What’s behind the CUrtain? Not The Wizard of Oz working a con-job, but more a group of actors putting on a show. We look behind the curtain and see “yeah, these folks are doin a pretty good job.”
Now we can enjoy the show in Agust.
With No Man’s Sky (NMS), the giant procedural space game coming out, I am gladly analyzing as A) I game, and B) I love procedural generation. So let’s turn back all my speculation on what could be and focus on what could go wrong.
As much as I am enthused about it, I can see areas where the game could have problems. I’m going to explore these areas, so we can review how right/wrong I was – which should be useful to measure both my predictive abilities and how the NMS team works!
Now to make this more useful, I’m going to rank the chances these things could go wrong as Red (at least 50% chance), Yellow (50-25%) and Green (under 25%). These are not necessary interest-killers or will make it a bad game – but it would be a problem for enjoying it and experiencing the game.
Now let me get predicting:
High-pressure Survival Grind (Red): NMS is a survival game, but my concern is that the game is going to mix high-pressure survival with tedious grind – you’ll be on the edge of your seat all the time, but the edge is going to feel the same and never end. That’ll get both stressful and boring, and that would be an interest-killer.
Hopscotch (Red): Planets may be procedural and bursting with detail, but I’m also concerned that planets could be clusters of neat stuff separated by not so neat. This means hat exploring a planet is really a game of scanning-and-flying hopscotch that will also turn into a kind of grind. My concern is that this would not be optional but required to really experience the game.
Pacing (Red): You start out with little equipment on a distant world, have to survive, and eventually build your technology and resources. Sounds standard, but unless the game is carefully designed, you could experience highly erratic pacing – most likely a slow start but a surprisingly fast end if you max out equipment (see below). I also see potential pacing issues in different worlds and goals making it extremely hard to predict what one has to do to achieve a goal – because of the procedural generation.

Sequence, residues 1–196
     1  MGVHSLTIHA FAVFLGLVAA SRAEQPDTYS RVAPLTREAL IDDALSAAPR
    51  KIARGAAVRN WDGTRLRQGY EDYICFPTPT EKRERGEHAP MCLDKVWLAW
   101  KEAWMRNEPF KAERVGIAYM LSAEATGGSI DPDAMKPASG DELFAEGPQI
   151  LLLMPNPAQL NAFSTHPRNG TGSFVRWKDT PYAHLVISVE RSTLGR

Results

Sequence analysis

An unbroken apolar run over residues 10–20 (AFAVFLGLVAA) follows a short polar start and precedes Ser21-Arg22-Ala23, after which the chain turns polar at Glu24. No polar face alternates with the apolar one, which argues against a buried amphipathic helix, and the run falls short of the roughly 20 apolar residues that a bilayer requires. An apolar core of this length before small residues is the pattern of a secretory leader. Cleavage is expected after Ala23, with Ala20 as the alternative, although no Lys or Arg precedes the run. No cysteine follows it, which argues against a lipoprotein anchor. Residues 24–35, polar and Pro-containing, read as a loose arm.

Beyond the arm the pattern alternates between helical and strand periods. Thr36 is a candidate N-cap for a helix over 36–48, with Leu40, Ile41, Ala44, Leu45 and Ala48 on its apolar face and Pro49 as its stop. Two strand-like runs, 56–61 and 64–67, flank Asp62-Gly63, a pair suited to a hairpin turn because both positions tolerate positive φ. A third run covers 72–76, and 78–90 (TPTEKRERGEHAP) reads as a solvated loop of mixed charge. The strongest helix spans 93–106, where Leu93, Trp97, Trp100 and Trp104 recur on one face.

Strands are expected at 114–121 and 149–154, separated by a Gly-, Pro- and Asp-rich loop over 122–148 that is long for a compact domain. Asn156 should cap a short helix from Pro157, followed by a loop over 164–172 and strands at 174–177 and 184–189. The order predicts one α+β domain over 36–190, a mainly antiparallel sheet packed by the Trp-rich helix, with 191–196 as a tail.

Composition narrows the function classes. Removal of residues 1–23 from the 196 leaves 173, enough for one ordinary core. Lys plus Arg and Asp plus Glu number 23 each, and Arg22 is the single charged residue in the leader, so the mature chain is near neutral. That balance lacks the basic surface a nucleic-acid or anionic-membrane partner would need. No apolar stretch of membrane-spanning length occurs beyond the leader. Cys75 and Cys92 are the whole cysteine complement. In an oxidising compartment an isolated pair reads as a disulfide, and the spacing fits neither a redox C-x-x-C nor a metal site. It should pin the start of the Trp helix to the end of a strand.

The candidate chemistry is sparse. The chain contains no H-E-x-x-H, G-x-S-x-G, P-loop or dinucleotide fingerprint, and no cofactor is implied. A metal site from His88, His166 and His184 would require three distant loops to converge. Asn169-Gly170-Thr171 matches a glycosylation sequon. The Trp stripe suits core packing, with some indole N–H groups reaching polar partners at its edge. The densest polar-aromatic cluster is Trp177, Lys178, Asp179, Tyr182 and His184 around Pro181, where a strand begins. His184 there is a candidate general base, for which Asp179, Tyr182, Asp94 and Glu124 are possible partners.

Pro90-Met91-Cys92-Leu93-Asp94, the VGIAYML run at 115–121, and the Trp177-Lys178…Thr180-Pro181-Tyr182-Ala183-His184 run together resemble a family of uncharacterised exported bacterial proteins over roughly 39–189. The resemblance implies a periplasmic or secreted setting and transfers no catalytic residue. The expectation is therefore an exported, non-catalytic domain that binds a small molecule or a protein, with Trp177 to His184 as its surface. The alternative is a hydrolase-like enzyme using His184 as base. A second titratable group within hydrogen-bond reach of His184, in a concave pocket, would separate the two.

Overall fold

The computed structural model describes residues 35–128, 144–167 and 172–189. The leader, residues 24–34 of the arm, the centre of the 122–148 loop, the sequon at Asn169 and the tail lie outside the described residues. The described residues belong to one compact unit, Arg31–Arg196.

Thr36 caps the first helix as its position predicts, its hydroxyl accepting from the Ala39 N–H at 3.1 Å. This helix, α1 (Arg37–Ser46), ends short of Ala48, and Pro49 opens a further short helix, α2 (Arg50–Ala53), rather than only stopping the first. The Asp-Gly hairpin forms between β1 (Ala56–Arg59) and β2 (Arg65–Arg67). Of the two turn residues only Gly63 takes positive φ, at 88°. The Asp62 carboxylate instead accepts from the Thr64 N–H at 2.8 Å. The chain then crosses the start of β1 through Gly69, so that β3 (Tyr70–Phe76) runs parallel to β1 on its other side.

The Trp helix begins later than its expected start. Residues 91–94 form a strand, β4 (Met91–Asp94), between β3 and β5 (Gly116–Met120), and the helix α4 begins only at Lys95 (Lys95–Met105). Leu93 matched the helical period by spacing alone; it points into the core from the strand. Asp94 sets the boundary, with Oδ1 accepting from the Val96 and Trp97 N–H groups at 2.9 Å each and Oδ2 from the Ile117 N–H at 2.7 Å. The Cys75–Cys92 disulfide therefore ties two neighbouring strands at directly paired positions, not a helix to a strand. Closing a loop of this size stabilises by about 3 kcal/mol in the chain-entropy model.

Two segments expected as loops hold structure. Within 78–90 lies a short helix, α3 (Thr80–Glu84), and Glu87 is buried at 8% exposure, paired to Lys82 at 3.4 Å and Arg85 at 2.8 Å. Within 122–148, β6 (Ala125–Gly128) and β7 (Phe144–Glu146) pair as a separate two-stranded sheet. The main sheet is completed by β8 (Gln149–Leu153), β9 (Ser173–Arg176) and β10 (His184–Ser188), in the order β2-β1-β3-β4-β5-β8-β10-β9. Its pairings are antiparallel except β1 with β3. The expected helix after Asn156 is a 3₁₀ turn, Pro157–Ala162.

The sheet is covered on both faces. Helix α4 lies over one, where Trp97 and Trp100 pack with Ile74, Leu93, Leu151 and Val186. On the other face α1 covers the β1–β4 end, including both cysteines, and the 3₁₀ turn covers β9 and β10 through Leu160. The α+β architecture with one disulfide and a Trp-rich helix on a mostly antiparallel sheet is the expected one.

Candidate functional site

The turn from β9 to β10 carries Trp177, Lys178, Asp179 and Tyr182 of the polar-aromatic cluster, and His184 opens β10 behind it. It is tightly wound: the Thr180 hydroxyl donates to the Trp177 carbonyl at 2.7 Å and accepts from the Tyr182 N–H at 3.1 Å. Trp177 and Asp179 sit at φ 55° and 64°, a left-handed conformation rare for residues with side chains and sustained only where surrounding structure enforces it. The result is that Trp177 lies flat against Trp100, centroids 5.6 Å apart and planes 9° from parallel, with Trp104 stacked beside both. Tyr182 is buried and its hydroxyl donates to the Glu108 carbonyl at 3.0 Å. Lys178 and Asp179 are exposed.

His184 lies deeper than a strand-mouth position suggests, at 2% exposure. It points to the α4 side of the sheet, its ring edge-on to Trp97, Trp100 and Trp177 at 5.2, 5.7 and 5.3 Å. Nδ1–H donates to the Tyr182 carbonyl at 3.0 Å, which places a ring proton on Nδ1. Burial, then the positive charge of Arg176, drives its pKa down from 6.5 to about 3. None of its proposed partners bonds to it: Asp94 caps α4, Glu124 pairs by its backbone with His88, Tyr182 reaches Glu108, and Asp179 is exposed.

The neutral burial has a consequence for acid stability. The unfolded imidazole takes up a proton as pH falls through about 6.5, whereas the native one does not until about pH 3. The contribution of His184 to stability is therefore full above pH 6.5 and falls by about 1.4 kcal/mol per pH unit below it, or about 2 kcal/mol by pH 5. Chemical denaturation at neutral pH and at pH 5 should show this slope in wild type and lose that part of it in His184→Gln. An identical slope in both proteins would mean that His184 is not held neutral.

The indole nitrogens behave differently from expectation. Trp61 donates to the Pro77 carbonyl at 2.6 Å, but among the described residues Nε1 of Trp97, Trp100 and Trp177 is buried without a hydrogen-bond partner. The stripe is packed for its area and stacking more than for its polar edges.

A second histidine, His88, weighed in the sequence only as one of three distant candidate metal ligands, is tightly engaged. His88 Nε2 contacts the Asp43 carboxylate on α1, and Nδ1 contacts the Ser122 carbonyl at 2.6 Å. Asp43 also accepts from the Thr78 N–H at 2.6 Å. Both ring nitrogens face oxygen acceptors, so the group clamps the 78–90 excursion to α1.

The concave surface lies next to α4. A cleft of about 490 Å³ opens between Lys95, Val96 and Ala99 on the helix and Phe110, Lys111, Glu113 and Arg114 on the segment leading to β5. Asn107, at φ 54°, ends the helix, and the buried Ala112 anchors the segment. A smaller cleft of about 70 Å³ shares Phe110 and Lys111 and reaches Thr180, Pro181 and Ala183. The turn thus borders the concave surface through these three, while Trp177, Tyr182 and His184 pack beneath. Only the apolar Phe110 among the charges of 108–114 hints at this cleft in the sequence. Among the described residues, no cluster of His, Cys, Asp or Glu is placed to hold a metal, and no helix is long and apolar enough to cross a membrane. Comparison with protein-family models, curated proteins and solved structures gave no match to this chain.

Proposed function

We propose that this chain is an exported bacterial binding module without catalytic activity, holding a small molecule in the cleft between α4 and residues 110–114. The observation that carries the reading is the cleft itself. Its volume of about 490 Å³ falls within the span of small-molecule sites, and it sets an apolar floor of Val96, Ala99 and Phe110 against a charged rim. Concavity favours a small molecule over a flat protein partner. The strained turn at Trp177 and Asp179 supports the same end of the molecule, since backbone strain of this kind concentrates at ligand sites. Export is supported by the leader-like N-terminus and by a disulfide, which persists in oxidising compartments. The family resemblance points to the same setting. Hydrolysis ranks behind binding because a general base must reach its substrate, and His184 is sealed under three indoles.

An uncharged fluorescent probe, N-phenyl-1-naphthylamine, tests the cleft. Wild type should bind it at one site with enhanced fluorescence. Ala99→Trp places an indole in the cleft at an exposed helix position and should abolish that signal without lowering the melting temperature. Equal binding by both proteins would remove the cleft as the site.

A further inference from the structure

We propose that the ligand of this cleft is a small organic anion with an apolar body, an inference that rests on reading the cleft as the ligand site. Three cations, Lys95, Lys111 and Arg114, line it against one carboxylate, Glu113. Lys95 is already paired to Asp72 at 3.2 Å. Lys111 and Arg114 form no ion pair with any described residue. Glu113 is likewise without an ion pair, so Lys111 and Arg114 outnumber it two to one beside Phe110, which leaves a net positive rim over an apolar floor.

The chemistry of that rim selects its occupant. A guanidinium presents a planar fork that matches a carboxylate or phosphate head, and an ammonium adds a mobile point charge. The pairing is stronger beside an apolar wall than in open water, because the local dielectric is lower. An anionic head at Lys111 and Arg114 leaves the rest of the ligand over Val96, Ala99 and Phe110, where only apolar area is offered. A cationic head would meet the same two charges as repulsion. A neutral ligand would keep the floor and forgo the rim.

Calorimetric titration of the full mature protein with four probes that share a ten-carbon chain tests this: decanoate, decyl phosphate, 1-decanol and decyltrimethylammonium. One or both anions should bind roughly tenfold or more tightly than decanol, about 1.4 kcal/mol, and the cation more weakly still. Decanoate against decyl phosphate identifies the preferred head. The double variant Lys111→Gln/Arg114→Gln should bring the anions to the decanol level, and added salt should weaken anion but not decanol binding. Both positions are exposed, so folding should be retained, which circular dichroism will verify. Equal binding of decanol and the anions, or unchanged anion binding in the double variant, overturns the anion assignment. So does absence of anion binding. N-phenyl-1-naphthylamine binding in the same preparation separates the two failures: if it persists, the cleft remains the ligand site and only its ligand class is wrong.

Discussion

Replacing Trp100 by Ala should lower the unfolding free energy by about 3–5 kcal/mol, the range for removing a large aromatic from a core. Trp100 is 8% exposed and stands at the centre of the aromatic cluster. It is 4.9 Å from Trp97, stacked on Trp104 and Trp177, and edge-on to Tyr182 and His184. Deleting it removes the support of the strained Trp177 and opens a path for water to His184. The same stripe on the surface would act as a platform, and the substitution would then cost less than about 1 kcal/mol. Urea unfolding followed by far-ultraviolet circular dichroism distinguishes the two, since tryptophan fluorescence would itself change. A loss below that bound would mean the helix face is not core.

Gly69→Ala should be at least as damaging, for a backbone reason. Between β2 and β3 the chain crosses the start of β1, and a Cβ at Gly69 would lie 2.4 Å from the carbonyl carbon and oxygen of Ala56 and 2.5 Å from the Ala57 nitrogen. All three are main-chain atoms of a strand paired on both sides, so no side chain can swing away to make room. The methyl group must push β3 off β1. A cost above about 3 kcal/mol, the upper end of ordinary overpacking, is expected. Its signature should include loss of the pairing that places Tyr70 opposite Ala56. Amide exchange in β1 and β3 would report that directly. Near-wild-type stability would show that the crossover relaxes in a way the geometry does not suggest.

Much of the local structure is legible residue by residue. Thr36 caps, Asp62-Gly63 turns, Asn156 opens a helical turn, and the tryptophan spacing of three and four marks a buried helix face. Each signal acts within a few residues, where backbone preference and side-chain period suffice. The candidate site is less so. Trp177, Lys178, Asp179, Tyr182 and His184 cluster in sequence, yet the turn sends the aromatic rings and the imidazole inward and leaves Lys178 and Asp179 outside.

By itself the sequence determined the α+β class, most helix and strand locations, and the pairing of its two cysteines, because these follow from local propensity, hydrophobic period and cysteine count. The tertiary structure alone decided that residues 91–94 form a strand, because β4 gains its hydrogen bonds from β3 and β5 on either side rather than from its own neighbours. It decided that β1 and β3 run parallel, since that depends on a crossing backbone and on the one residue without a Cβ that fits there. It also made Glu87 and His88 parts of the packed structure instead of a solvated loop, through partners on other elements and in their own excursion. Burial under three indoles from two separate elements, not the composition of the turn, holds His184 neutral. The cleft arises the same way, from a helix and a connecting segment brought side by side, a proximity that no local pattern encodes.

Every Planet Different – And The Same (Yellow): I’m pretty confident the planets themselves will vary interesting, but not quite confident every planet will be different enough to warrant interest in exploring it a lot. I could be wrong (which I why this is yellow), and the NMS team seems to want to avoid this, but I can’t shake the concern. It seems like there’s a lot of impressive math, but what I’ve seen suggests some relatively standardized environments and all planets are single-environment. That can get boring – it’ll be new then quickly seem the same.
Stretches Of Boredom (Yellow): I don’t mind a bit of boredom or peace. But one of my concerns about NMS is that it’ll have uncontrollable stretches of boredom, stuck on dull worlds and sectors of space. Good visuals and environments will alleviate or eliminate this (yes, you spent 30 minutes looking for a mineral but it looks awesome).
Topped Off (Yellow): There’s supposed to be all sorts of ships and blueprints to find, but I’d be concerned the game could have some people max out their equipment and the like too early – loosing challenge and initiative. It’s procedural, so it may be hard to put pacing into the game. This is part of my larger concern about Pacing (above).
The Hunt (Yellow): Certain items, equipment, minerals may be vital for parts of the game, for equipment – but for some players they may be out of reach (again, due to procedural generation). If it’s not something people can find/buy/substitute for in a reasonable amount of time the game may be frustrating.
Same Old Equipment (Yellow): We get various ships, suits, and Omnitools, but from what I see they’re mostly about premade traits and various plugin spaces. Not sure they’re going to be that interesting after awhile. Are you going to go that far to get an Omnitool that moves a plugin space to one grid cell further rightward?
It Doesn’t Hold Together (Green): Though I trust Hello Games on the Lore, I’m concerned that it won’t be experienced enough, in enough context, to keep interest. The game may not need a story, but it’s sense of experience requires Lore. The whole thing could not cohere, have no sense of “there.”
Different, But Not Different Enough (Green): I’m mostly confident Hello Games can deliver varied worlds – but not entirely convinced it’ll be different enough for a whole game. I’m concerned that past a certain point – say about 70% of the way – things will start looking too much alike. I’m aware we’ve only seen a limited subset of worlds, but I’m not totally convinced. Yzheleuz and Phlek do give me some hope. This is one of my lesser concerns, but if planets aren’t different enough from each other and individual planets are large stretch of “same” (above) it’d get boring fast.
So there’s my concerns, roughly boiling down to:
What concerns do you have?